Our analysis is limited by a number of simplifying assumptions including the fact that approximately 20% of N. gonorrhoeae and C. trachomatis infections overlap which, because of overlapping treatment efficacy, means that only treatment of N. gonorrhoeae would be required. In addition, we have not considered the use of alternative treatments of C. trachomatis such as doxycycline [12]. These considerations would lower the antimicrobial consumption estimates. On the other hand, we have not considered the antimicrobial exposures related to screening for other STIs such as M. genitalium that is included in certain PrEP protocols [4]. The analysis is based on extrapolating the effects of antimicrobial consumption intensity on resistance in other studies. No randomized controlled trials (RCTs) have directly assessed the effect of N. gonorrhoeae/C. trachomatis screening on the resistome/microbiome and the risk of AMR. In the absence of these RCTs, this study has provided estimates of macrolide consumption under 3 × 3 screening that are greater than those that have been shown to be strongly associated with AMR for a range of bacterial species [7,14]. Whilst our evidence is indirect, individual-level studies have clearly established the predictable adverse effects of antimicrobials on the resistome/microbiome. A single dose of azithromycin, for example, has been shown to increase the proportion of individuals with macrolide-resistant oral streptococci by 60.4% (compared with placebo) [15]. This adverse effect on the resistome persists for 6/48 months in the oral/colonic microbiomes [15,16]. This combined with the extensive evidence from population-level studies that antimicrobial consumption is the predominant driver of resistance [5–7] suggests that the levels of antimicrobial consumption associated with 3 × 3 screening are likely promoting AMR in MSM [17].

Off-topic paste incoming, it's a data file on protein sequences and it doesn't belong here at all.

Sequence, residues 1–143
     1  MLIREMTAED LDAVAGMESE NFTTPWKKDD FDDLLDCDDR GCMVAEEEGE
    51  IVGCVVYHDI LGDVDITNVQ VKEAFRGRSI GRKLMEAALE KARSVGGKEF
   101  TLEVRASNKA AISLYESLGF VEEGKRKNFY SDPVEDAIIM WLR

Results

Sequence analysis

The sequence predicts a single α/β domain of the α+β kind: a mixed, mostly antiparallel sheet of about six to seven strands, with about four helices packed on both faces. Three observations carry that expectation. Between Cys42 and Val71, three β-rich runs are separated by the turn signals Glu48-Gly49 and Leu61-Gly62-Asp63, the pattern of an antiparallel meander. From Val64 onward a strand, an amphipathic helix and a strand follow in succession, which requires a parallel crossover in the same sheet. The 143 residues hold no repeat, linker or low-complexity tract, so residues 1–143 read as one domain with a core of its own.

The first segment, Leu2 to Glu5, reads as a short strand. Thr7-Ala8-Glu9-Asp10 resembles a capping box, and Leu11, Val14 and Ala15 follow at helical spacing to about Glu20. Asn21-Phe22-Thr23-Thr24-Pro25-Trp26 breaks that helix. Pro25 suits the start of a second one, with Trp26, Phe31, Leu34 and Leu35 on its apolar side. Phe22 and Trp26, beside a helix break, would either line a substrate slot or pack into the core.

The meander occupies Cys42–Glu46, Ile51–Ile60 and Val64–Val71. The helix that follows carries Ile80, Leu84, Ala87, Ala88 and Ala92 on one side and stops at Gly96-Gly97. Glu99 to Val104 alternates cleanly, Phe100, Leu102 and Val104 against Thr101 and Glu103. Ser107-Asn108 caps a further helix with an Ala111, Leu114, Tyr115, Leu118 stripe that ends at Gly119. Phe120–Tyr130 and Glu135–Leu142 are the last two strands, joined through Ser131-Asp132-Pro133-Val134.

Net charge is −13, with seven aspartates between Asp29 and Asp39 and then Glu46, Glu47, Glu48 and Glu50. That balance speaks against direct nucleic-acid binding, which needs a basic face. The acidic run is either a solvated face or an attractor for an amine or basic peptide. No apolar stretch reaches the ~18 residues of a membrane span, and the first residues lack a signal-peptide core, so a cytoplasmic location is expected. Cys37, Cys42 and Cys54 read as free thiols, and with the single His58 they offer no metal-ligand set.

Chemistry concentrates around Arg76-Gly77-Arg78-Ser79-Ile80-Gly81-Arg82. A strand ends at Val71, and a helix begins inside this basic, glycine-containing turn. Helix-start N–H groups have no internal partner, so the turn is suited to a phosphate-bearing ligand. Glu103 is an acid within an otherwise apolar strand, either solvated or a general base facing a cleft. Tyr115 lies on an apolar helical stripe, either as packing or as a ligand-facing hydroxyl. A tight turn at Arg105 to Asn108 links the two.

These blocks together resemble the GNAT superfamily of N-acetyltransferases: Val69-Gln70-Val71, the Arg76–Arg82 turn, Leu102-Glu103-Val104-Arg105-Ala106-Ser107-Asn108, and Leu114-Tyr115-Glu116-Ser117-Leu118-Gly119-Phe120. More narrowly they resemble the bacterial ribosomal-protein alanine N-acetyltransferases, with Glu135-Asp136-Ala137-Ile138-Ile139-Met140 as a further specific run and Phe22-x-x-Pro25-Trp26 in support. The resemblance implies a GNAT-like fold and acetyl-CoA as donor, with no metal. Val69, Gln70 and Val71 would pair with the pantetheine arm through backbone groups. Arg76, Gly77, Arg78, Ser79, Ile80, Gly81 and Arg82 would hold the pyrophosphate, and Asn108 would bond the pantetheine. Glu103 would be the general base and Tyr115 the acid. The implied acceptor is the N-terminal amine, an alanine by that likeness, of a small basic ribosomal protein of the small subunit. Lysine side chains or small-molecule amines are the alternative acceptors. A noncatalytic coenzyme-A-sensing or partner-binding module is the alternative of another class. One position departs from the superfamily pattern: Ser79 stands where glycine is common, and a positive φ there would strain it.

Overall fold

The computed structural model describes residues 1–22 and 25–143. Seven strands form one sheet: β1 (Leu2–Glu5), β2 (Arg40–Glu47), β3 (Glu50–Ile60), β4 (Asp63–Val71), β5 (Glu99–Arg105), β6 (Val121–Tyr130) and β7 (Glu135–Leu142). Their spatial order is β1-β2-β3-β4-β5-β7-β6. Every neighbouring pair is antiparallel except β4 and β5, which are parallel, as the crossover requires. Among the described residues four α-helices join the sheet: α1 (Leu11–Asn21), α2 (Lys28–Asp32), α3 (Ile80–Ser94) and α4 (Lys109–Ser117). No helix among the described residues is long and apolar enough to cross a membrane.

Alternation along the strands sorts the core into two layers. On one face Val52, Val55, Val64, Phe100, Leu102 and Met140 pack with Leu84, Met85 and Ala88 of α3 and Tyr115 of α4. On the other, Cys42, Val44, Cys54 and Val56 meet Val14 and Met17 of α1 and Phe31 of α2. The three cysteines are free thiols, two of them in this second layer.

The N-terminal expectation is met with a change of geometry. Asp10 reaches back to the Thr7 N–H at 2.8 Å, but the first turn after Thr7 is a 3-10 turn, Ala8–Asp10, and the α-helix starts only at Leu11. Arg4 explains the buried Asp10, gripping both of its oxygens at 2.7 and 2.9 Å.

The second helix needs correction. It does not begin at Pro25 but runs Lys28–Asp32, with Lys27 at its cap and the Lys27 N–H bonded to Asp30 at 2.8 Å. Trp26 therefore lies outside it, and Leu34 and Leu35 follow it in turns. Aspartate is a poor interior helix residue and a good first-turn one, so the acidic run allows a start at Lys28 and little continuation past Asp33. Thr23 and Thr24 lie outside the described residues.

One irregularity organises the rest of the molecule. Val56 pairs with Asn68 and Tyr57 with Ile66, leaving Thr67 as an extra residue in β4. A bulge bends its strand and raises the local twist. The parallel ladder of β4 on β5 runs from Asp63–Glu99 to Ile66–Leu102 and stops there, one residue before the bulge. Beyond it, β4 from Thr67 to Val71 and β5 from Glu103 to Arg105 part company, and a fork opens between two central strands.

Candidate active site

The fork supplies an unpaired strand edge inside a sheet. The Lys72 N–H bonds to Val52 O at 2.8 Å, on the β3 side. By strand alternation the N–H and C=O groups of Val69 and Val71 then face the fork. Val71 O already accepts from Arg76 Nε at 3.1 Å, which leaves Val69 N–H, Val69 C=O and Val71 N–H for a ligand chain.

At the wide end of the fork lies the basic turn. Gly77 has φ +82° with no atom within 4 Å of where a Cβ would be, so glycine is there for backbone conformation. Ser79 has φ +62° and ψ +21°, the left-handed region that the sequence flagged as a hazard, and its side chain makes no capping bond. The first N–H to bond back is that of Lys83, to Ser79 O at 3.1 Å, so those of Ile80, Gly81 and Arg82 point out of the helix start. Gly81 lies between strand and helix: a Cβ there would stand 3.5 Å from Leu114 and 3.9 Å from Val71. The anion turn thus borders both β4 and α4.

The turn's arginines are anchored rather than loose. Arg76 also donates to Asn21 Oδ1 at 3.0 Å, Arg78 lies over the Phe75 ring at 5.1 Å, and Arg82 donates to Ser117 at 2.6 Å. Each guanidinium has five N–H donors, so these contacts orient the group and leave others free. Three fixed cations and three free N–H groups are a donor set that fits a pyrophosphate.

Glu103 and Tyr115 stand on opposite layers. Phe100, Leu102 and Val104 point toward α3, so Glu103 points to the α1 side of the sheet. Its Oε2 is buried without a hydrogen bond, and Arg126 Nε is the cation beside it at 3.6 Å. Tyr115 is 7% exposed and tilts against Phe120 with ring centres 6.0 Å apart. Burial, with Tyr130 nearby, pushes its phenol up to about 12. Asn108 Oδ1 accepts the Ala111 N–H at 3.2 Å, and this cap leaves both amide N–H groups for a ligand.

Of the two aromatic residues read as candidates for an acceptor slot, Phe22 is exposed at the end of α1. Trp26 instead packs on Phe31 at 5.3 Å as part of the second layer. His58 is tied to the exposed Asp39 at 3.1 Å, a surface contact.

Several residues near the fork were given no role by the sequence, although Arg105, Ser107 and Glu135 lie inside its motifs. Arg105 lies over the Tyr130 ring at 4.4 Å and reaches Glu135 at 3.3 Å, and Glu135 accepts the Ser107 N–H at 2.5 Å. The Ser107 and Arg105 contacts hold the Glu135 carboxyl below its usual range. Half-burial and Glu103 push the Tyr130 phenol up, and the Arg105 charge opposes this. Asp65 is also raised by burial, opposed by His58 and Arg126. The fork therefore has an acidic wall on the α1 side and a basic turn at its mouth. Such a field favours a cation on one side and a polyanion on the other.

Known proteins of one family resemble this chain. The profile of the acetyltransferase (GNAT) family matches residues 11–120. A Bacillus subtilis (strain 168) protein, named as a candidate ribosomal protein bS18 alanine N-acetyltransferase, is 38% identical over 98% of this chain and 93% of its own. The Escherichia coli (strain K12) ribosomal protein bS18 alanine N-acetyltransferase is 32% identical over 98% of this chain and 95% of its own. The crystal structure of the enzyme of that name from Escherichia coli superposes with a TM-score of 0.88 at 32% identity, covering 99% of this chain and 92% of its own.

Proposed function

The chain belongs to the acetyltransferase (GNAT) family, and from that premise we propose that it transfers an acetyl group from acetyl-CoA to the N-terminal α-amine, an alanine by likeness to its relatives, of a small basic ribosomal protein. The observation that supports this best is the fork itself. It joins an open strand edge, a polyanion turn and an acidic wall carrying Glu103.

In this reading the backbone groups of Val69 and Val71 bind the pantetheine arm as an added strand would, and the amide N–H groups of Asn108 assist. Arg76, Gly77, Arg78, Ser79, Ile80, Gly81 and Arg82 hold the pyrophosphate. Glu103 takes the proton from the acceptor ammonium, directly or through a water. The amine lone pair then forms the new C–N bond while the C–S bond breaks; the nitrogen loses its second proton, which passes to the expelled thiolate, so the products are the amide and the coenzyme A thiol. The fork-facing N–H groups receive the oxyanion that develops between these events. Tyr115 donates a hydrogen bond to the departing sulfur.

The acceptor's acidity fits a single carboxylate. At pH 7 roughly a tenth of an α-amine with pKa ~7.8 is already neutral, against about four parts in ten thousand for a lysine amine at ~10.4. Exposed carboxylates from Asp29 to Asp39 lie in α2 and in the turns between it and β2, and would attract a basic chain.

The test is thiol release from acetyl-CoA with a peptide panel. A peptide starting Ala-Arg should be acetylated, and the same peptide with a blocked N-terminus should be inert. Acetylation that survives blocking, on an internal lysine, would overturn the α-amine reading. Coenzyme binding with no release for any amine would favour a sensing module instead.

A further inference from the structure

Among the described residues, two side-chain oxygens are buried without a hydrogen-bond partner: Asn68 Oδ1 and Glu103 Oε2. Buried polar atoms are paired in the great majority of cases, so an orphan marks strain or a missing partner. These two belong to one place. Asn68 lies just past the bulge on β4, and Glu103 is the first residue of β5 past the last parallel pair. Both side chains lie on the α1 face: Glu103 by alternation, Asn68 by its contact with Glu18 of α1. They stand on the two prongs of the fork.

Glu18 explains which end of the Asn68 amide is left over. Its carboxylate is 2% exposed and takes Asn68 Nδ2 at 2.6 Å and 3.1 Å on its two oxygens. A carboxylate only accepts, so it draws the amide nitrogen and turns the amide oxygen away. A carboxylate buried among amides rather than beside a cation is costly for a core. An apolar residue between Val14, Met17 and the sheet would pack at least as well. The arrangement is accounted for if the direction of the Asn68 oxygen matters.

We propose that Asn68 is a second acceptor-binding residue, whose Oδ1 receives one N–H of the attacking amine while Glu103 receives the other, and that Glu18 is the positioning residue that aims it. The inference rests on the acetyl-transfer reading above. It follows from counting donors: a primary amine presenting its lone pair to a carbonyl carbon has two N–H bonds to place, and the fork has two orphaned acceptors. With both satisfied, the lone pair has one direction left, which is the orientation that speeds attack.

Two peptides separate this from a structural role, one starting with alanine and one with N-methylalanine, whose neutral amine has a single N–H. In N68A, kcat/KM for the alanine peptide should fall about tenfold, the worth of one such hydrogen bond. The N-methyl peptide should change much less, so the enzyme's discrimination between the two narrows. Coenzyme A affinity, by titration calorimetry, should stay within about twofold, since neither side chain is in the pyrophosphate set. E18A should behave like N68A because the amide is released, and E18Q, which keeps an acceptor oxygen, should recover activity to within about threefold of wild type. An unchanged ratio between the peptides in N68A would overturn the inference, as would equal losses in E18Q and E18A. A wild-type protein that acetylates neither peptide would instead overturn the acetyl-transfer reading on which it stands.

These findings should be considered against a backdrop of recent reports of high-level combined resistance to azithromycin and ceftriaxone in N. gonorrhoeae[18] as well as global estimates of resistant infections resulting in up to 300 million excess deaths by 2050 [19]. One of the key strategies in tackling this AMR-threat is antimicrobial stewardship, which requires limiting antimicrobial usage to situations where benefits clearly outweigh risks [19]. Whilst the rationale for syphilis screening in MSM is strong, the same is not true for N. gonorrhoeae/C. trachomatis screening. No randomized controlled trials have been conducted to assess its efficacy and a systematic review of observational studies found no evidence of a decline in prevalence of N. gonorrhoeae or C. trachomatis with 3 × 3 screening [2]. Until such trials have been conducted, decisions as to how intensively to screen for N. gonorrhoeae/C. trachomatis in PrEP programs should include considerations as to collateral damage to the microbiome and resistome of participants.


Author contributions: C.K. conceptualized the study, conducted the literature review and was responsible for the data analysis and writing of the article

Conflicts of interest

There are no conflicts of interest.